Images may not be limited to visual. We can include sounds, tastes, smells or a combination of those sensations. In fact incorporating a combination of our senses with our visualizing is powerful.
Imagery is the language that the mind uses to communicate with the body. We do not talk to a damaged or ill part of our body and speak it away. Instead, we imagine the diseased part of our body healing or shrinking away. Likewise, we do not speak to our future and tell it what to show up. We imagine our futures with images, feelings, smells and sounds.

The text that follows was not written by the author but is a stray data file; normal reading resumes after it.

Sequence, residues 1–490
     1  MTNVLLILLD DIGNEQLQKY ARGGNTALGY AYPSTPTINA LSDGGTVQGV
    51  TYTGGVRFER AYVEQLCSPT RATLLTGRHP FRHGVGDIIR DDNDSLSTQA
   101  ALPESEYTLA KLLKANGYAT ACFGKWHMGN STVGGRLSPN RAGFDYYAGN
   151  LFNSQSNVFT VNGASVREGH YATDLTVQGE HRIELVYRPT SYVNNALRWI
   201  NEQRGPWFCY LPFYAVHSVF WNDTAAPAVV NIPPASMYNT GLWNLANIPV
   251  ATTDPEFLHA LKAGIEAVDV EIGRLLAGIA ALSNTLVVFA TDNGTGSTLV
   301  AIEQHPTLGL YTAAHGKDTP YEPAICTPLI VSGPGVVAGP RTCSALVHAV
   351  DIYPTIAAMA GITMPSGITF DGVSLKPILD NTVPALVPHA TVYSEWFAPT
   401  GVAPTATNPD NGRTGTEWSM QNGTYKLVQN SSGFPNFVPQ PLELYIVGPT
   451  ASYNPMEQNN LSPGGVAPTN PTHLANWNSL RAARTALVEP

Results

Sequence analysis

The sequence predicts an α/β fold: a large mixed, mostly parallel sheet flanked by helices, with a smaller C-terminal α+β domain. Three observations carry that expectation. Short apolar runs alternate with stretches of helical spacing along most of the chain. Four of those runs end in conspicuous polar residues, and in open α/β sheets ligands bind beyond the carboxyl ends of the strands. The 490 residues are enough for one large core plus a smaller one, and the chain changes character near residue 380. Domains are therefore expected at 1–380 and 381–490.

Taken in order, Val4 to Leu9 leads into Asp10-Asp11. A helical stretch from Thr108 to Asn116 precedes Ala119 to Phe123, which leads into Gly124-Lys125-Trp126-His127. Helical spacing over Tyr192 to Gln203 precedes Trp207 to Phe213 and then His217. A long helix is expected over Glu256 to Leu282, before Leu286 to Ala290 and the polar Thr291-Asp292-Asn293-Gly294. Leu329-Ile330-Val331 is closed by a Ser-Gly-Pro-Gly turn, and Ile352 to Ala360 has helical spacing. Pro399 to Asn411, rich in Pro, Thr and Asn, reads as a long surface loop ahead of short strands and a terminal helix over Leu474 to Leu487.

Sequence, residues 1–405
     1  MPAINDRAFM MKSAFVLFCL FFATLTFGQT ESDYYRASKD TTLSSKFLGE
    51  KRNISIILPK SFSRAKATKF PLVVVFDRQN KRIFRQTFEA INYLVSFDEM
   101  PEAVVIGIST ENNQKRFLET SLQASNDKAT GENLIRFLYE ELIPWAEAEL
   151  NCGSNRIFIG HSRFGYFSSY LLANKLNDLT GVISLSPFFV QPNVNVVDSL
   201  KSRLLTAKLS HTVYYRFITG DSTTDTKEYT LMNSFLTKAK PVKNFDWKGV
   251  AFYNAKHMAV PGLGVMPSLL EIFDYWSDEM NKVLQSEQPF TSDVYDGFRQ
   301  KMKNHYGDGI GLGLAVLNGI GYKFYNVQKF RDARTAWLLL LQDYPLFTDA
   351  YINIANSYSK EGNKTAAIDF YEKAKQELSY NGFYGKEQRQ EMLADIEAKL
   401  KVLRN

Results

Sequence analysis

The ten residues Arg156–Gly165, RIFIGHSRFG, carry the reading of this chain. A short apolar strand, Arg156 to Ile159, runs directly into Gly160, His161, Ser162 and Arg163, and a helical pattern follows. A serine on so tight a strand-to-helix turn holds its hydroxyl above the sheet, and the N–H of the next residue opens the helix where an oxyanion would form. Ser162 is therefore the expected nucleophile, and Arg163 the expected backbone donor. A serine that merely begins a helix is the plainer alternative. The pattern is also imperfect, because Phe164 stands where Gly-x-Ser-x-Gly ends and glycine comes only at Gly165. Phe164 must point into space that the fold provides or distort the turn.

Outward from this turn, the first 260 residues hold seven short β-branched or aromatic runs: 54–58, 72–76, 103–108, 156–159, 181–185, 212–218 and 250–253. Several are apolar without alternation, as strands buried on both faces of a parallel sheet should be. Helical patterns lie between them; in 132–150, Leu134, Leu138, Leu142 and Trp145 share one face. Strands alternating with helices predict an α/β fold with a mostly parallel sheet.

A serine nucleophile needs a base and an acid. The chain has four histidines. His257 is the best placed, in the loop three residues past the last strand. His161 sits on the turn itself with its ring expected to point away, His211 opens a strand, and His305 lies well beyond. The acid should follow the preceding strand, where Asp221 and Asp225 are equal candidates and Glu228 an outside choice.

In a Special Issue of Memory, Mental Imagery and Memory in Psychopathology edited by Emily A. Holmes and Ann Hackmann (ISBN: 978-1-84169-967-7), M.A. Conway presents novel insights that suggest, “imagery is highly associated with self goals. Imagery can both reflect and maintain goals linked to psychopathology.
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